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Interesting findings & case studies on commonly misunderstood and mystery images

People who are not familiar with Chinese history and parables may have the impression that the above image is a genre painting of fisherman’s daily life. But in fact, there is more meaning to it. Dr Yibin Ni will explain the story in detail and how this story scene has been presented in various forms of artworks.

Mr Henk B. Nieuwenhuys from the Netherlands is the first foreigner who has kindly donated his art collection to China. Here are short video clips from a documentary made for this special event, in which Dr Yibin Ni was invited to introduce Nieuwenhuys’ antique collection and the story depicted on the porcelain bottle.

The story scene refers to an old Chinese saying: in the fight between the sandpiper and the clam, the fisherman has the best of it. This parable came from an ancient Chinese text entitled ‘Strategies of the Warring States (战国策 Zhanguo Ce)’. The book contains anecdotes of diplomacy and warfare during the Warring States period (5th to 3rd centuries BC).

The State of Zhao (赵国) was planning to attack the State of Yan (燕国). Su Dai (苏代) was sent by the State of Yan to the State of Zhao to try to prevent the imminent calamity. During the audience that Su Dai had with King Huiwen of Zhao (趙惠文王, 310-266 BCE, r. 298-266 BCE), he found a clever way to persuade the king to change his mind. Here is Su Dai’s speech:

When I was leaving my country crossing the Yi River (in the present-day Yi County, Hebei province), I saw a clam lying open, enjoying the sunshine on the bank. Out of the blue, a sandpiper flew down and tried to snatch a morsel to eat between its shells. The clam promptly slammed its shells shut, locking the sandpiper’s beak in between. The sandpiper tried to wriggle out of the situation, saying, ‘If it doesn’t rain today and it doesn’t rain tomorrow, there will be a dead clam on the river bank.’ The clam retorted, ‘If I don’t let you go today and nor do I tomorrow, there will be a dead sandpiper on the river bank.’ While they grappled in a dead lock, a fisherman passed by and picked both up with very little effort. Now, if your majesty launched an attack on Yan, Yan would certainly try to resist your invasion. And the fight between the two countries would make both weak and then the State of Qin would be acting as that ‘fisherman’. I urge your majesty to reconsider your plan.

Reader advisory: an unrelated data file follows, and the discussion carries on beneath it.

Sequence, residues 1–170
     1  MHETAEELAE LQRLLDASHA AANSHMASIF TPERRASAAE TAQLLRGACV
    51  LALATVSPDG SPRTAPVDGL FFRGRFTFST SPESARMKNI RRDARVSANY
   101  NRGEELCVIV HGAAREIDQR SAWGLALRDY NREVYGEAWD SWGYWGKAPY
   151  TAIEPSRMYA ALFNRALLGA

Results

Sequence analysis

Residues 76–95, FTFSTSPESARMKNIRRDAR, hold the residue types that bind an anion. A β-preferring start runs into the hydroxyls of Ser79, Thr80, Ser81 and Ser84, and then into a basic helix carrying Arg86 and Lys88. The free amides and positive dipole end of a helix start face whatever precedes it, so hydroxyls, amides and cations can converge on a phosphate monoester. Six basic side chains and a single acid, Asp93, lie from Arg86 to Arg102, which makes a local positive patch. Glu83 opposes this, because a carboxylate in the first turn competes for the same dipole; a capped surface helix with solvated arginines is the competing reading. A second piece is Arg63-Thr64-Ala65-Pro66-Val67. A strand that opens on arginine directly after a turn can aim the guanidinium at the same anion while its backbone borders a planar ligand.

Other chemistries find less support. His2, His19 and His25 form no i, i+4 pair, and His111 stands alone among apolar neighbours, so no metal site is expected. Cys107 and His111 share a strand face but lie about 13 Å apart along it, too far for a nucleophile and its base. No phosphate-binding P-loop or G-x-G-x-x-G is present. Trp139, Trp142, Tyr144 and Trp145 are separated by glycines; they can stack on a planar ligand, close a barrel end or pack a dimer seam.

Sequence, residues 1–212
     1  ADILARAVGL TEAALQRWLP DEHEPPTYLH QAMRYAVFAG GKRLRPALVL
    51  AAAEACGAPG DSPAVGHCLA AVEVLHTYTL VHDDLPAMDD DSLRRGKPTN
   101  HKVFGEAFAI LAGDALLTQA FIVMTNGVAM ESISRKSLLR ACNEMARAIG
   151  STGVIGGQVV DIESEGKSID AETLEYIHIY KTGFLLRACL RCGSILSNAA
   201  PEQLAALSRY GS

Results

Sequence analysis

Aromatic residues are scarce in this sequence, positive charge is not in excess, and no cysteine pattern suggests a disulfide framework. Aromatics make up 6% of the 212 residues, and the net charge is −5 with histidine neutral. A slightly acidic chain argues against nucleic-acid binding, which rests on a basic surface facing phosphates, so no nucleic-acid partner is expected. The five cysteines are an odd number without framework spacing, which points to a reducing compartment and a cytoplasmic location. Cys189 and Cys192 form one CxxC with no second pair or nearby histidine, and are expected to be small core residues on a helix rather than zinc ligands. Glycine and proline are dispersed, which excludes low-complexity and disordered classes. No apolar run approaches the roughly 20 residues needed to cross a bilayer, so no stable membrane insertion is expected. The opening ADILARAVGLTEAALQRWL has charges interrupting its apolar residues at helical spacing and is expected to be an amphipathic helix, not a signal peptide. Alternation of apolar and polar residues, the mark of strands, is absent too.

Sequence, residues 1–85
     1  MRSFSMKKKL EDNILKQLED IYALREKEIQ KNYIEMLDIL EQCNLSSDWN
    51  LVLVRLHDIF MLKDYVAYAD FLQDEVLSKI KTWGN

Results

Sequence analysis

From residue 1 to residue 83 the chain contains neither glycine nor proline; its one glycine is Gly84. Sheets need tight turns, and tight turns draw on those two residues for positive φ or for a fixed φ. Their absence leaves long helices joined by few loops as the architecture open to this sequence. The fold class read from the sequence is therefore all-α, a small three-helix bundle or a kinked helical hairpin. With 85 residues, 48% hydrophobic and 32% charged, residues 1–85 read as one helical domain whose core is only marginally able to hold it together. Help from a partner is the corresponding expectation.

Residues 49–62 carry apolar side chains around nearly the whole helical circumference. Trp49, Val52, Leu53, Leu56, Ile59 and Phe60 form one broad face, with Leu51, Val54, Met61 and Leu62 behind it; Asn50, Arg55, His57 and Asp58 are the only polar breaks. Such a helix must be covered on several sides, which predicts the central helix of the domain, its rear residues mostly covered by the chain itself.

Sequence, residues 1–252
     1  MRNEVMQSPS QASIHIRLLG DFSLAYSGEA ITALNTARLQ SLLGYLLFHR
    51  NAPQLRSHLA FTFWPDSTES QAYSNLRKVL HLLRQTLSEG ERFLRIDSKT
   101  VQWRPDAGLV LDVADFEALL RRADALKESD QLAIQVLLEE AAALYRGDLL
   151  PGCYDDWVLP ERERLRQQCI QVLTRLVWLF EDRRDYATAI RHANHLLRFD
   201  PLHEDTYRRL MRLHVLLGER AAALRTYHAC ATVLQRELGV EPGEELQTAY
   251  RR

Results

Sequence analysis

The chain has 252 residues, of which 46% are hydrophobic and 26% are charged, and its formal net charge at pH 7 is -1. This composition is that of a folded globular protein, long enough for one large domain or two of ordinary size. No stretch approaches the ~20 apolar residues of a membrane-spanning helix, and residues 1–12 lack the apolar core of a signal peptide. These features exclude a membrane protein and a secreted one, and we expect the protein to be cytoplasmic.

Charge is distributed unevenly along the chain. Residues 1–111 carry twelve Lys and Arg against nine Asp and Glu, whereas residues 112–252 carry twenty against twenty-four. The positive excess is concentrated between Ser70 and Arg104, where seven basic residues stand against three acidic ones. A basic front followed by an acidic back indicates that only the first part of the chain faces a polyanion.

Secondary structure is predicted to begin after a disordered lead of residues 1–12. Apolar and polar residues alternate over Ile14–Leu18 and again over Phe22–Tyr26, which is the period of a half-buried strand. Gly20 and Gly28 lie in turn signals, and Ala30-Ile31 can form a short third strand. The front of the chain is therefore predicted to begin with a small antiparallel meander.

The king of Zhao got the message from Su’s story and called off the military campaign.

As a cautionary tale, this parable has been favoured by Chinese people for two millennia and has often been made into 2D or 3D images to educate the young.

Read Dr Yibin Ni‘s research blog here regarding how this important pictorial motif was rediscovered from previous research papers and museum catalogues that only took it as genre painting.

This scene is an episode from the Ming drama ‘The Story of the Girl Holding a Red Fly Whisk (红拂记 Hongfu ji)’.

The story is an account of how a talented scholar Li Jing (李靖) meets Lord Yang Su 杨素’s favourite singsong girl Red Fly Whisk (红拂女). Later, they meet the formidable knight errant Zhang Zhongjian (张仲坚) whose nickname is Curly-bearded Fellow (虬髯客), and they form the well-known ‘Three Chivalrous Heroes of the Wind and Dust 风尘三侠’.

Through twists and turns, the Curly Beard realised that Li Shimin 李世民 (598 – 649) was the true ‘dragon’s son’ and, therefore, destined to be the future ruler of the Tang dynasty (618 – 907) and decided not to compete with him. After Curly-bearded Fellow handed over to Li Jing and Red Fly Whisk all his possessions, he left for overseas to start his cause of taking over a small kingdom of Fuyu in the south-east sea. Before his departure, he told the couple that in ten years’ time they would hear his success and should celebrate this occasion by pouring him a libation of wine toward south-east.

In the present scene, the sensible knight Zhang with his signature baby-dragon-like (虬髯) beard is riding a horse, accompanied by his wife sitting in a wheeled sedan chair on their way abroad.